In 2002 I was a freshman at Mount Mansfield Union High School, and I decided to write a term paper on Civil Unions. My mentor Dot Kurth ran a “learning lab” at the High School designed for students who needed extra help on their studies. I often went to her for support and advice. She offered to help with my term paper and even invited me to visit her same-sex female neighbors to conduct an interview. I went to their home and they expressed to me their exasperation with the Republican Party. They said, “[w]e just had a baby, we are the embodiment of family values! How can the Republican Party tell us we can’t visit each other in the hospital when the other gets sick? What happens to our finances if one of us dies? How can we make sure our child is taken care of? The system is rigged against us.” I found myself nodding in agreement time and again, almost in tears at times. I could sense their feelings of anguish and pain. It was there where I changed my mind, gay rights ARE human rights!
I attended undergraduate university at a southern catholic university, and I tried to slowly come out of the closet. Firstly I unveiled my secret to the closest of friends. The university and the students were not known for their support of the LGBT community, but it was something I felt I needed to do. The arduous task of coming out became easier with time. It helped that I was in Arlington, Virginia, over 500 miles away from home, and moved to Paris for 6 months to study and “discover myself.” My family finally made me come out to them when I was in grad school. It was a long process and it was not easy.
As a college senior, I became a legislative intern for United States Senator Bernie Sanders. I could not have been more proud. I was working on behalf of the great people of Vermont on Capitol Hill. We were not treated well though, as many on the Hill thought that Sanders was not “going-along-to-get-along.” Staffers of Democratic Party Senators mixed together at lunch and after work. We were oftentimes not extended the same treatment as our boss was an Independent socialist. I resented their cliquish ways and wore my Sanders employment badge as a true badge of honor.
After my post-baccalaureate study at Oxford, I moved to Los Angeles for graduate school and fell in love. My Panamanian fiancé and I know we are going to live the American dream. I also know we need to fight to keep that dream alive.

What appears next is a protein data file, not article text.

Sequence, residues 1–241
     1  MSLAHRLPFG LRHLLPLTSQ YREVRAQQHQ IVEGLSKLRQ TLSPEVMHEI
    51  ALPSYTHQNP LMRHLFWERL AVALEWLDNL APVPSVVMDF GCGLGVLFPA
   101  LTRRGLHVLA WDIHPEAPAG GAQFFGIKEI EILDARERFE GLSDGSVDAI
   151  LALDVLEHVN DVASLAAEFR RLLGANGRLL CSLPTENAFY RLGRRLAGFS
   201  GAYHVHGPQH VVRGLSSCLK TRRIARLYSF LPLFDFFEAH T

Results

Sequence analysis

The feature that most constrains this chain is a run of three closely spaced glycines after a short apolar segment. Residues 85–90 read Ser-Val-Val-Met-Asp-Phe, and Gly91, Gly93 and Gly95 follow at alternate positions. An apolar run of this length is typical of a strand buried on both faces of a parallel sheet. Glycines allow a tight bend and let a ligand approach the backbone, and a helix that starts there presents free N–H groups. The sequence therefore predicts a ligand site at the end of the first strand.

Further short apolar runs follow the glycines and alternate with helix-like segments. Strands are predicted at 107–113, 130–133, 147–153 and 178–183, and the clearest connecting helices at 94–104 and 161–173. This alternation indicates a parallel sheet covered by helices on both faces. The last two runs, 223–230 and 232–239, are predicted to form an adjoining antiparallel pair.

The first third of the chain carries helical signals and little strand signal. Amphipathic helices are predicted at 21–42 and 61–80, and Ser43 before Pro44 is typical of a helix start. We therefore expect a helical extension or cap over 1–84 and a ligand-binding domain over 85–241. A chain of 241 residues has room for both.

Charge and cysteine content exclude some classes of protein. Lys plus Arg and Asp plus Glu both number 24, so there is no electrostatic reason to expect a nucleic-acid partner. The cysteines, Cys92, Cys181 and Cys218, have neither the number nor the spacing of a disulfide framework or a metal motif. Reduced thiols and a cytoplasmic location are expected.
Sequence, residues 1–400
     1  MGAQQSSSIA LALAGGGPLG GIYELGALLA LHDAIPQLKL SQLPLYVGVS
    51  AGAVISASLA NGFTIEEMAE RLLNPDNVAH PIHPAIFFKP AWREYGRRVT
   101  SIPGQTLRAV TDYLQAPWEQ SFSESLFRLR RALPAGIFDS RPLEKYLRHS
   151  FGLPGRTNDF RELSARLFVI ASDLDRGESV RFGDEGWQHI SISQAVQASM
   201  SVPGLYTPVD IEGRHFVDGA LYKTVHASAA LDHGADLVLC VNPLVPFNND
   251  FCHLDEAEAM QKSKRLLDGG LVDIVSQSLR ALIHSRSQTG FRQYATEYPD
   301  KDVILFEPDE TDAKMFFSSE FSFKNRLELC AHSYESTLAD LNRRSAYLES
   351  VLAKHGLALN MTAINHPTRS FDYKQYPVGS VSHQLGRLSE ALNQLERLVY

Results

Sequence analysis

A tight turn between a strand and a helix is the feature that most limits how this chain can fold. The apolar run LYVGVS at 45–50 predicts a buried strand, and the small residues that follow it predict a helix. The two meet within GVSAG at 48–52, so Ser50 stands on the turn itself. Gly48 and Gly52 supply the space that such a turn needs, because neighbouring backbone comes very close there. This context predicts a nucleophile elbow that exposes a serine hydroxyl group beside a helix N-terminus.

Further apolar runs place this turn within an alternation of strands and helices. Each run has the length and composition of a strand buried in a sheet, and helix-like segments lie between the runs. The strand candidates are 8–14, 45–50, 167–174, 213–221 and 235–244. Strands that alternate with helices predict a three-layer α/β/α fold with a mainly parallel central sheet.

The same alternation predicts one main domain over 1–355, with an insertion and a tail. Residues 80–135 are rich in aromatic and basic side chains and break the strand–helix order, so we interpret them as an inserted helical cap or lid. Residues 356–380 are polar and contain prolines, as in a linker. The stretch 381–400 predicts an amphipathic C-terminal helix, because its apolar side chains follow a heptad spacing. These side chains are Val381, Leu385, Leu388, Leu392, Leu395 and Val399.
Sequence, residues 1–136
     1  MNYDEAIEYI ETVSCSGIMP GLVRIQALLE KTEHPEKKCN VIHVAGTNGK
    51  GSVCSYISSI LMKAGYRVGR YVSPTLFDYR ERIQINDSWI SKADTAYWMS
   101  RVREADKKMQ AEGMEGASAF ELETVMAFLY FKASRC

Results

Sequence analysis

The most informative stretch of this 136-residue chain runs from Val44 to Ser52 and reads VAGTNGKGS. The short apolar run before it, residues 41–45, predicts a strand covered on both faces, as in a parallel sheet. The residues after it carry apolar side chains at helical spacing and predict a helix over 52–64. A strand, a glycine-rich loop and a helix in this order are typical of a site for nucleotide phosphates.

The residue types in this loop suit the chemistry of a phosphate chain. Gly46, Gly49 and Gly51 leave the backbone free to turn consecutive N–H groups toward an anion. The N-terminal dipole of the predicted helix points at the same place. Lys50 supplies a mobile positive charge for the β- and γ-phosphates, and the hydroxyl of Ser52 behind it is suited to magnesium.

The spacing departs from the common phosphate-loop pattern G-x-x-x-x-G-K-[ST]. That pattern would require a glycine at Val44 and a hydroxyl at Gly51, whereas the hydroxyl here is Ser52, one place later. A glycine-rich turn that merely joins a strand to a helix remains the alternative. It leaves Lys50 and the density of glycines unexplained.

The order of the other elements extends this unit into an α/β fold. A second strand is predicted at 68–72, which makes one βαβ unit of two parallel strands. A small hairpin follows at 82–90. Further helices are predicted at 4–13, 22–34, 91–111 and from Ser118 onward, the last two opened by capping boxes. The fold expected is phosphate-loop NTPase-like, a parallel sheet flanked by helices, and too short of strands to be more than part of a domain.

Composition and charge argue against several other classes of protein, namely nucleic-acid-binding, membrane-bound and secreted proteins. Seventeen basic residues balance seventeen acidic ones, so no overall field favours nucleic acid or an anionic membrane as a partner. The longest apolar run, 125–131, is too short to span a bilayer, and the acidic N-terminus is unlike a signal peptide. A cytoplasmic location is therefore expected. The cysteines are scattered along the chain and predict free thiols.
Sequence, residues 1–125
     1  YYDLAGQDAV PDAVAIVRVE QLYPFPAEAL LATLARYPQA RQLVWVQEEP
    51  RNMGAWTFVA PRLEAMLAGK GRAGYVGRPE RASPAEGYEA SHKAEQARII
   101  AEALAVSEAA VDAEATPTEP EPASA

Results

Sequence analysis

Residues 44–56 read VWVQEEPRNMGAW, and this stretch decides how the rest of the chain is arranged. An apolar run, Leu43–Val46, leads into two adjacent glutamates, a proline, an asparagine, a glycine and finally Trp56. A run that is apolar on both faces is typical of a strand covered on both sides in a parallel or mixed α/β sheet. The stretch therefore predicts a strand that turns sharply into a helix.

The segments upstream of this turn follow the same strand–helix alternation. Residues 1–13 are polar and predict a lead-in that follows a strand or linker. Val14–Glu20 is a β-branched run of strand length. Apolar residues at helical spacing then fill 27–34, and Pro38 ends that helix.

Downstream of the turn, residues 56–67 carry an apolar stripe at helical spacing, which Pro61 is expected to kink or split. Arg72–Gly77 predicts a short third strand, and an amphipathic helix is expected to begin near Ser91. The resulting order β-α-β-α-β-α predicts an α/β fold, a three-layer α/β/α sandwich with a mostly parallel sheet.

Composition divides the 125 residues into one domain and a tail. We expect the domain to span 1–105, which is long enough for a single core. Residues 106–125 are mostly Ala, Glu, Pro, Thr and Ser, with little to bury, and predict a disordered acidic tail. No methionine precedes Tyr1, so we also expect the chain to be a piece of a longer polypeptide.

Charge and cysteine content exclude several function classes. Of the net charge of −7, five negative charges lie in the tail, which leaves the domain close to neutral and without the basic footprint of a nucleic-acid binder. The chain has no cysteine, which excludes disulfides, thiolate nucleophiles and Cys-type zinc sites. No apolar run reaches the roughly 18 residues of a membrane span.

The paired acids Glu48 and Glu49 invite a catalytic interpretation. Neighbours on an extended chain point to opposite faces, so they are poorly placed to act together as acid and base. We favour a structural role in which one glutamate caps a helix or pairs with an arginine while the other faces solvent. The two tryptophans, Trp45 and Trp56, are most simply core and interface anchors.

I have been a proud Vermonter my whole life. Since the beginning of Bernie Sanders campaign for President and well before, I have been an outspoken advocate for him in my community. However, it is clear to me that Bernie Sanders will unfortunately not go on to capture our party’s nomination.
Our country can now go in two opposite directions when it comes to marriage equality and so many other human rights issues. We can go forward or we can go back. I am slated to be married to the love of my life next year, and I cannot imagine a world without that legal right. Actually, I can, and that’s why it is so imperative that we coalesce behind our party’s choice, Hillary Rodham Clinton.
Today, I see unprecedented protections bestowed on LGBT peoples. As a gay rights activist with the Stonewall Democratic Club and the Stonewall Young Democrats I fight every day to ensure that my community is treated with the respect I know we all deserve. On the campaign trail I’ve heard Hillary Clinton affirm the importance of the LGBT community, of women, of minorities, of Spanish-speakers, of civil rights, of her reluctance to use military force aboard, and so many more issues my generation holds dear. I cannot afford a Republican presidency, we cannot afford to go back. I refuse to go back. Stand with me friends as we press forward for a better America with Hillary Clinton. I have endorsed Hillary Clinton for President tonight, and I urge you to do the same!
 Gaye Symington went on to become elected Vermont’s Speaker of the House in 2005, and held that position until 2008. She unsuccessfully sought the governorship in 2008.